i.m. Mike Donaghy

More instruments ring these walls than raised a roof
for God througout all medieval Christendom;
stone arcades spring like dancers from the Minster floor,
keyed to their lord’s calling-on song ‘Da Mihi Manum’.

The Irish call the parchment drum this angel quiets
a bodhran, though she lacks the ordinary beater:
Mike held his like a pen above the skin in wait,
counting on his own heart to inspire each tatoo.

But he might change to flute for quieter audiences,
bored without dancers’ feet to ground his syncopation;
when he charmed them with Ruari Dall’s ‘Give Me Your
Hand’,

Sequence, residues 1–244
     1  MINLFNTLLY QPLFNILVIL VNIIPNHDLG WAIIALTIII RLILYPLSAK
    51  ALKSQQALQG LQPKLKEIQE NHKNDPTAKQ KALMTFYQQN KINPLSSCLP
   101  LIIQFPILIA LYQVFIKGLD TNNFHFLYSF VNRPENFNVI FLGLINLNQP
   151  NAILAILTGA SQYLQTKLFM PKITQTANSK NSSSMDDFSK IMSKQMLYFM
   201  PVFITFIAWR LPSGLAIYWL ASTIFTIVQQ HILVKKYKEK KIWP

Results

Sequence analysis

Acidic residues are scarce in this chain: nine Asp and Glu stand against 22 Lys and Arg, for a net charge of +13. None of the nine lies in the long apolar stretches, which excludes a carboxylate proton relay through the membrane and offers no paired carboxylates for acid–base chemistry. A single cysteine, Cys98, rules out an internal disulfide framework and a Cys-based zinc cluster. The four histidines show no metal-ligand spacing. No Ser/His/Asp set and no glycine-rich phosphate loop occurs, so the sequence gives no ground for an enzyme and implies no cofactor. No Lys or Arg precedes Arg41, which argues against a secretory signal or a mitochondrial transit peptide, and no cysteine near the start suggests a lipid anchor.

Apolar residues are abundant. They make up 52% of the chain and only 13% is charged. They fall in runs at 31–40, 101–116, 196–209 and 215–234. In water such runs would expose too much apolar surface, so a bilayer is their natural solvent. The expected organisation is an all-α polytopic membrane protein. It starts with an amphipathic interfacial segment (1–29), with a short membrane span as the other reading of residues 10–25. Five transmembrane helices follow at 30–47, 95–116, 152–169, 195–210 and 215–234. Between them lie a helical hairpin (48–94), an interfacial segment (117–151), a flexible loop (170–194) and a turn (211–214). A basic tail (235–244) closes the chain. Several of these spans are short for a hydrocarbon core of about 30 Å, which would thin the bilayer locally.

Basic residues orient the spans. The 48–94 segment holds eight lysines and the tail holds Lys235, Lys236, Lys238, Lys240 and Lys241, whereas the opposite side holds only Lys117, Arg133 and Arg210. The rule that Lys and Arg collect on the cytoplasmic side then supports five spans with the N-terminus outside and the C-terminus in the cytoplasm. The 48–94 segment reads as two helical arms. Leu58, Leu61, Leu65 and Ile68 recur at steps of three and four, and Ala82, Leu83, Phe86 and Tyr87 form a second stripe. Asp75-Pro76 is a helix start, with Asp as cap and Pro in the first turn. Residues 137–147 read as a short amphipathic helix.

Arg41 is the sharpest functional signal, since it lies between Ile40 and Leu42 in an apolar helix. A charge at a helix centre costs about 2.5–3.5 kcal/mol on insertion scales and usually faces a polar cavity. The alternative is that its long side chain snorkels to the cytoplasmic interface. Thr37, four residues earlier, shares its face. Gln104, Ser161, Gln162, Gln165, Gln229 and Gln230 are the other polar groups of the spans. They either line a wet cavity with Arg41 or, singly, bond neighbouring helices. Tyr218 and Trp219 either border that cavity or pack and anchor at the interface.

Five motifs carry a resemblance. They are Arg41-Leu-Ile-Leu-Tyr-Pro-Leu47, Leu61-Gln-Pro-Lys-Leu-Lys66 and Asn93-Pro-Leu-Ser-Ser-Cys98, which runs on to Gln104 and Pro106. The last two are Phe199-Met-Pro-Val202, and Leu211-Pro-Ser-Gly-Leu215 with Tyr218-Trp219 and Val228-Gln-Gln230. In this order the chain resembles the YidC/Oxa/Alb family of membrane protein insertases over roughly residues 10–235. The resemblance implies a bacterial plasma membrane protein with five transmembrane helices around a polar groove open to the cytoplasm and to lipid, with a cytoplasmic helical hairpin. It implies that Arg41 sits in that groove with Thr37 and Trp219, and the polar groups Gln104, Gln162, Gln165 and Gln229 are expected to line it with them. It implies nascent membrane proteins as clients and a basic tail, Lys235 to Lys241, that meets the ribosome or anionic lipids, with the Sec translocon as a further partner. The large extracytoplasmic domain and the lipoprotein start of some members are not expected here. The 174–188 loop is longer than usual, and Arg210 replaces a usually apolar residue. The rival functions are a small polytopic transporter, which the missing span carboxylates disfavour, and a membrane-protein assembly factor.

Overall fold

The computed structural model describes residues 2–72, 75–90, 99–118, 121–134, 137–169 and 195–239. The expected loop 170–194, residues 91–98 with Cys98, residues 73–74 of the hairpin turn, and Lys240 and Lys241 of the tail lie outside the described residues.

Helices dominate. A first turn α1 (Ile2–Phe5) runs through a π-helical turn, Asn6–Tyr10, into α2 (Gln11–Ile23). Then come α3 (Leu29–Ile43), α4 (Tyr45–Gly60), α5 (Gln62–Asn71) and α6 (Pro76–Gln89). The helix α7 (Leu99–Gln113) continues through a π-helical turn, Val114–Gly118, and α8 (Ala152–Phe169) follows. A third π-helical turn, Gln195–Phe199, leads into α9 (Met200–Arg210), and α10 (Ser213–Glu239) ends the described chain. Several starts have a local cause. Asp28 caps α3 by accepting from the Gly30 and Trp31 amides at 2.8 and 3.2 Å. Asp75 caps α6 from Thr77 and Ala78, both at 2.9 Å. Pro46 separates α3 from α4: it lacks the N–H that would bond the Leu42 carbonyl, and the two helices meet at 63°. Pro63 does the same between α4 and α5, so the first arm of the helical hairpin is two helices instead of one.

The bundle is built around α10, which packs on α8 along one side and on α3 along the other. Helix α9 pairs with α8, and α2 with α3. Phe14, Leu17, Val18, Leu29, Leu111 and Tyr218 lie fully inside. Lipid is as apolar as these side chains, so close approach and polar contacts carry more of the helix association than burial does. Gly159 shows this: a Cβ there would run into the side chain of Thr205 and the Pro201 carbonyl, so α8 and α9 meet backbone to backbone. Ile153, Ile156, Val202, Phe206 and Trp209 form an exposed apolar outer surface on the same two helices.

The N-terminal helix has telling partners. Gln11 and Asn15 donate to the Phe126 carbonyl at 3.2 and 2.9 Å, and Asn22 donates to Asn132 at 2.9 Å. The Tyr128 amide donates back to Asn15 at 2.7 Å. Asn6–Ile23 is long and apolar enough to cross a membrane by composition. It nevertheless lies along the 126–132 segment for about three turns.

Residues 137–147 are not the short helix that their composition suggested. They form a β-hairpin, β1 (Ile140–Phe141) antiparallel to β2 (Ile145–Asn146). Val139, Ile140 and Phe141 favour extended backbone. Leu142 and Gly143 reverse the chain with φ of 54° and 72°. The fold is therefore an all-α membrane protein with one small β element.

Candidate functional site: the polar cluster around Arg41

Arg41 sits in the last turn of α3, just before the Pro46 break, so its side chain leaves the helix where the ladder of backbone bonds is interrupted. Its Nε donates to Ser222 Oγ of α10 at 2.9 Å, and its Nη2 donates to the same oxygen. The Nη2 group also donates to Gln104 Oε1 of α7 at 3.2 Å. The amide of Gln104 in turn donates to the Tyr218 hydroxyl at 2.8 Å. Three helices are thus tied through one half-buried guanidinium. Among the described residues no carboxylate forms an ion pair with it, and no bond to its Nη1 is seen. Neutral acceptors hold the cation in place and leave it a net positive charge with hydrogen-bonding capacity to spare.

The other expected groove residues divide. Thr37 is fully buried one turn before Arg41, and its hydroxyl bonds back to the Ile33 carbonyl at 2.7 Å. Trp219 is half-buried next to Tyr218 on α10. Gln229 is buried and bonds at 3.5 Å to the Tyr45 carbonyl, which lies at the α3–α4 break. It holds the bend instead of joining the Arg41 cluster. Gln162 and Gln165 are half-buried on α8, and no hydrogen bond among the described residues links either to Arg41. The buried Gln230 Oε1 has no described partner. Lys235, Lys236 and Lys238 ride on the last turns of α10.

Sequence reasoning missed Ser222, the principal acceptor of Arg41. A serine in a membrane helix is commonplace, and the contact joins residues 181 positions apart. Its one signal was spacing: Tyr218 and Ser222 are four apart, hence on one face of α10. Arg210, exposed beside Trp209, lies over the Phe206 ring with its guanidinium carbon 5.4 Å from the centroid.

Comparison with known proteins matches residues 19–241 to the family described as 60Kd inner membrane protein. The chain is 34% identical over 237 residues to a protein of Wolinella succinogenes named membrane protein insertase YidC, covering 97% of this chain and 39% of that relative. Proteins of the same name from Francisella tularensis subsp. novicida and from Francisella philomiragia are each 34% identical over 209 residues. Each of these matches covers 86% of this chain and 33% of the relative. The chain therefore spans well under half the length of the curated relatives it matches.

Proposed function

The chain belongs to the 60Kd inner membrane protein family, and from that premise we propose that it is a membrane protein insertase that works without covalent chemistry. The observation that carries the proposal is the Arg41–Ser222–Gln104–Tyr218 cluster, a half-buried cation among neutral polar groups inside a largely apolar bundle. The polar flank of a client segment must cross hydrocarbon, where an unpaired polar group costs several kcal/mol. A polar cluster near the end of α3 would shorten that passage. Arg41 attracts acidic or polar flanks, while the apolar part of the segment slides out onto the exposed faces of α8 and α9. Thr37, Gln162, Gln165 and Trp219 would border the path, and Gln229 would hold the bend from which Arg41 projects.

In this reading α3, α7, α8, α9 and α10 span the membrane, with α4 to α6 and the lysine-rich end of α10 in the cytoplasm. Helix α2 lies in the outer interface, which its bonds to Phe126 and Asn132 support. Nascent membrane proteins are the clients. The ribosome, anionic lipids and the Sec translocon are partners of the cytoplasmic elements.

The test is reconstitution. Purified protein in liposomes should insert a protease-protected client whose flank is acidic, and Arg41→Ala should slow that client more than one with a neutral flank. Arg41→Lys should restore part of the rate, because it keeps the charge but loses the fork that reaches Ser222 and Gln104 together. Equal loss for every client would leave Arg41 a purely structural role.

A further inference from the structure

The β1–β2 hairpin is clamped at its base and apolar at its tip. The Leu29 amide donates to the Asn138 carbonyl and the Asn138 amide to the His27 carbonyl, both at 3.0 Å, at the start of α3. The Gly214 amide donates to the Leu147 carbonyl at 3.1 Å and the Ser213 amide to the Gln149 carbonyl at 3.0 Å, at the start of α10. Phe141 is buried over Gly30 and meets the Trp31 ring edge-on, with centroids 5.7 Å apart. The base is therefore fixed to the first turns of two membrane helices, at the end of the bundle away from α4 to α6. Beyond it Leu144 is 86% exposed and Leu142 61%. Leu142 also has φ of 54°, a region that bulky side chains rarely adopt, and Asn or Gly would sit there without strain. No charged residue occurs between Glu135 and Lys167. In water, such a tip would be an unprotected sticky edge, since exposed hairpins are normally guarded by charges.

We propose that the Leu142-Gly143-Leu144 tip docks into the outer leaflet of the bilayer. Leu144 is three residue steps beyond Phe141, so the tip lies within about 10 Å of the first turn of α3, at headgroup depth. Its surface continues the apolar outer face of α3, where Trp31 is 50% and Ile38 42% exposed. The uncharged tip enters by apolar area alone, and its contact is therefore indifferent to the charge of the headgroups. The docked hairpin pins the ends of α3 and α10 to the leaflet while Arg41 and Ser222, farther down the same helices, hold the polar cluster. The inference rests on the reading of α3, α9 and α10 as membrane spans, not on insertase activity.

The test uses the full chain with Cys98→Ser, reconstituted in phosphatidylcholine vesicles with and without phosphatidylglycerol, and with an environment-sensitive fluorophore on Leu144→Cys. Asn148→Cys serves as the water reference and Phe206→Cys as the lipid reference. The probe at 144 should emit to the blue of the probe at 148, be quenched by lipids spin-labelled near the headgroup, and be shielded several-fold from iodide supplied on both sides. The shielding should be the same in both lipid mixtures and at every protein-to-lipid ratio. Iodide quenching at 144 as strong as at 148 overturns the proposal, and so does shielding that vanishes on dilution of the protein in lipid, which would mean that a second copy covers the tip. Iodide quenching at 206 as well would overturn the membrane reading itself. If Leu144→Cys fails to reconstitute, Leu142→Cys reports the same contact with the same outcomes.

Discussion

so Mike’s book Wallflowers notes offbeat theories:
that we’re all God’s three dimensional handwriting
or how a pin’s head really can stage angels’ ceilidhs –
another made dance the mother of all languages;

then it gives all ‘This Living hand’, Keats’ last poem,
which dampens my skin like the touch of a felt mute.
I’ll sit out this stone angel till she leaves her drum,
raises and plays something quick on an Irish flute.

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